Making climate-smart agriculture must work for the poor


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Keynote presentation at ICRAF's main side event at COP 17 in Durban, South Africa

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  • Based on CCAFS household survey in four countries (Kenya, Uganda 2x, Tanzania, Ethiopia) from 5 sites within which 7 villages with 20 HHs were surveyed
  • Based on CCAFS household survey in four countries (Kenya, Uganda 2x, Tanzania, Ethiopia) from 5 sites within which 7 villages with 20 HHs were surveyed
  • Aebe, more investments in tree crops, woodlots and hedgerows on securely tenured land compared with untenured land.
  • Making climate-smart agriculture must work for the poor

    1. 1. Making climate-smart agriculture work for the poor Henry Neufeldt World Agroforestry Centre (ICRAF) COP17 Side Event Durban, 1 December 2011
    2. 2. The need to transform agriculture • Increased production, either through extensification or intensification has caused significant negative effects on the environment • Agriculture is leading to conversion of land and placing greater pressure on biodiversity and natural resource functions than ever before • By 2050 approximately 70% more food will have to be produced to feed the global population • Under business-as-usual climate change will reduce global food production The need to reduce the environmental impacts while increasing production requires a significant change in the way agriculture currently operates Beddington et al. (2011) Achieving Food Security in the Face of Climate Change. SPM. Commission on Sustainable Agriculture and Climate Change. CCAFS, Copenhagen
    3. 3. Agriculture that sustainably increases productivity, resilience (adaptation), reduces/removes greenhouse gases (mitigation), and enhances achievement of national food security and development goals (FAO, 2010). FAO Climate Smart Website WWW.FAO.ORG/CLIMATECHANGE/CLIMATESMART/EN What is climate-smart agriculture ?
    4. 4. It’s all about scale • Climate-smart agriculture can have different meanings depending upon the scale at which it is being applied • At local scale: opportunities for higher production, e.g. through improved management • At national scale: e.g. providing frameworks that incentivize sustainable management practices • At global scale: e.g. setting rules for global trade • For smallholders: greater food security and resilience against shocks • For intensive agriculture: opportunities to reduce emissions It will be important to ensure that the different temporal and spatial scales work together properly
    5. 5. Some climate-smart agricultural practices Crop management Livestock management Soil and water management Agroforestry Integrated food energy systems • Intercropping with legumes • Crop rotations • New crop varieties • Improved storage and processing techniques • Greater crop diversity • Improved feeding strategies • Rotational grazing • Fodder crops • Grassland restoration and conservation • Manure treatment • Improved livestock health • Animal husbandry improvements • Conservation agriculture • Contour planting • Terraces and bunds • Planting pits • Water storage • Alternate wetting and drying (rice) • Dams, pits, ridges • Improved irrigation (drip) • Boundary trees and hedgerows • Nitrogen-fixing trees on farms • Multipurpose trees • Improved fallow with fertilizer shrubs • Woodlots • Fruit orchards • Biogas • Production of energy plants • Improved stoves All practices presented here improve food security and lead to higher productivity, but their ability to address adaptation and mitigation varies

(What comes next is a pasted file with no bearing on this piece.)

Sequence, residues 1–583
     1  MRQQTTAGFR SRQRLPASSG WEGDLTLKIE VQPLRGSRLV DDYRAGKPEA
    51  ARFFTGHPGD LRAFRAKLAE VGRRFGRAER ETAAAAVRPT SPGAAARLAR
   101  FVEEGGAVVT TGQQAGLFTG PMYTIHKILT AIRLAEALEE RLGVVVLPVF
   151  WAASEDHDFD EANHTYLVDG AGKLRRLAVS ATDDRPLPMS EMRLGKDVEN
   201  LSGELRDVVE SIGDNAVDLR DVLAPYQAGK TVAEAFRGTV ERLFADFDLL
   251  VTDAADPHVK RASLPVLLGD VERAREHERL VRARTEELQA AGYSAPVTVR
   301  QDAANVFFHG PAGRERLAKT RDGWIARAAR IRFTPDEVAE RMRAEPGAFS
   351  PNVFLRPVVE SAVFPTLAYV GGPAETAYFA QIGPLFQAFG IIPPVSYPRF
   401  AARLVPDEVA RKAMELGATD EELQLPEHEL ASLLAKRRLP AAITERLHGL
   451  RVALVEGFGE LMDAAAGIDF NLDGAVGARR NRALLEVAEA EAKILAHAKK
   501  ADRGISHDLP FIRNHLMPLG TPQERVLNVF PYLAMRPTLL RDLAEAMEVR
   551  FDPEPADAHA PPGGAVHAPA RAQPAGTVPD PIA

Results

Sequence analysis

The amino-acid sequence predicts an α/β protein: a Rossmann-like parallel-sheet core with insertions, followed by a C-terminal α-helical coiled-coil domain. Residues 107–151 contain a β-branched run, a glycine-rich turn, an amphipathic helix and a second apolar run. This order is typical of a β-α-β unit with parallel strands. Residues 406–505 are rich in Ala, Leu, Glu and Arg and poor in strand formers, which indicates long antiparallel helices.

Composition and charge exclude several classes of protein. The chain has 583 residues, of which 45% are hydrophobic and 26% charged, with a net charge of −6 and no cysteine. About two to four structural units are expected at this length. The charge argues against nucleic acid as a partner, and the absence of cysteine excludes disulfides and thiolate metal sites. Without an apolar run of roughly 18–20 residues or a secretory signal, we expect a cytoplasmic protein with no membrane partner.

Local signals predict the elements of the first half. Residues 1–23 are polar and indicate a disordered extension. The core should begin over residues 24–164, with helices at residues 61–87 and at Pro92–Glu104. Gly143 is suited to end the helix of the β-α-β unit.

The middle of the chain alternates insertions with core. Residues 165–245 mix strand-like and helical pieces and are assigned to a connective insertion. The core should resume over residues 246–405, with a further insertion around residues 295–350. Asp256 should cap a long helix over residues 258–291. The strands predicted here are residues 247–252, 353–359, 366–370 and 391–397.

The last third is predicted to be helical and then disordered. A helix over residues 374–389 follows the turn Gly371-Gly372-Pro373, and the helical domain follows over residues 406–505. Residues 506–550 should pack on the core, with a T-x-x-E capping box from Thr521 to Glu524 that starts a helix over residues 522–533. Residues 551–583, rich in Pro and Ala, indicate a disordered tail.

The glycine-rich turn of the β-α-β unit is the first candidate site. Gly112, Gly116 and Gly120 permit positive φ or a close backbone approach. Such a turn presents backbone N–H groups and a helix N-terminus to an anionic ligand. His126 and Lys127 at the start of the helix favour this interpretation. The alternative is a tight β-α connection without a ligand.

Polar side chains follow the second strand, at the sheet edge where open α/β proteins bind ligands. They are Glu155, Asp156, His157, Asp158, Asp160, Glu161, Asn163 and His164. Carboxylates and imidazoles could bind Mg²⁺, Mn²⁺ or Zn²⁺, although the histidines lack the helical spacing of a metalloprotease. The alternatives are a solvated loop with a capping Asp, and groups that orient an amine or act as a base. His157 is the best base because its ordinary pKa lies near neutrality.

6. 6. Constraints: innovation and food security Relationship between innovativeness (number of farming system changes) and household food security (number of food deficit months). Error bars indicate the 95% confidence interval of the mean
    7. 7. • Farmers most interested in reducing food insecurity • No long- or medium-term planning possible under food insecure situation • Tree planting (and other investments in livelihood improvements) only after basic food security is guaranteed • Food insecurity rose by at least one month (above on average 3 months) during recent drought and floods • Coping strategies lead into ‘poverty trap’ All #s in % Reduce Quantity, Quality or # of meals Comm- unity or family support Help from Gov, NGO, Church Borrow money Casual Labor Sell possess- ions or livestock Consume Seeds Children attend school less Lower Nyando 85 30 42 32 28 72 72 38 Middle Nyando 38 23 18 37.5 25 40 61 12.5 Case study: farmer climate coping strategies
    8. 8. Constraints: short term losses vs. long term benefits Short term income losses often inhibit smallholders from investing in management practices that provide long term benefits (schematic not drawn to scale).
    9. 9. Constraints: lack of knowledge and training
    10. 10. Net return on land Freehold: $347/ha Unadjudicated: $110/ha Net tenure effect: 3.1 Constraints: insecure tenure
    11. 11. Recommendations • Provide an enabling legal and political environment • Improve market accessibility • Involve farmers in the project-planning process • Improve access to knowledge and training • Introduce more secure tenure • Overcome the barriers of high opportunity costs to land • Improve access to farm implements and capital
    12. 12. Thanks for your attention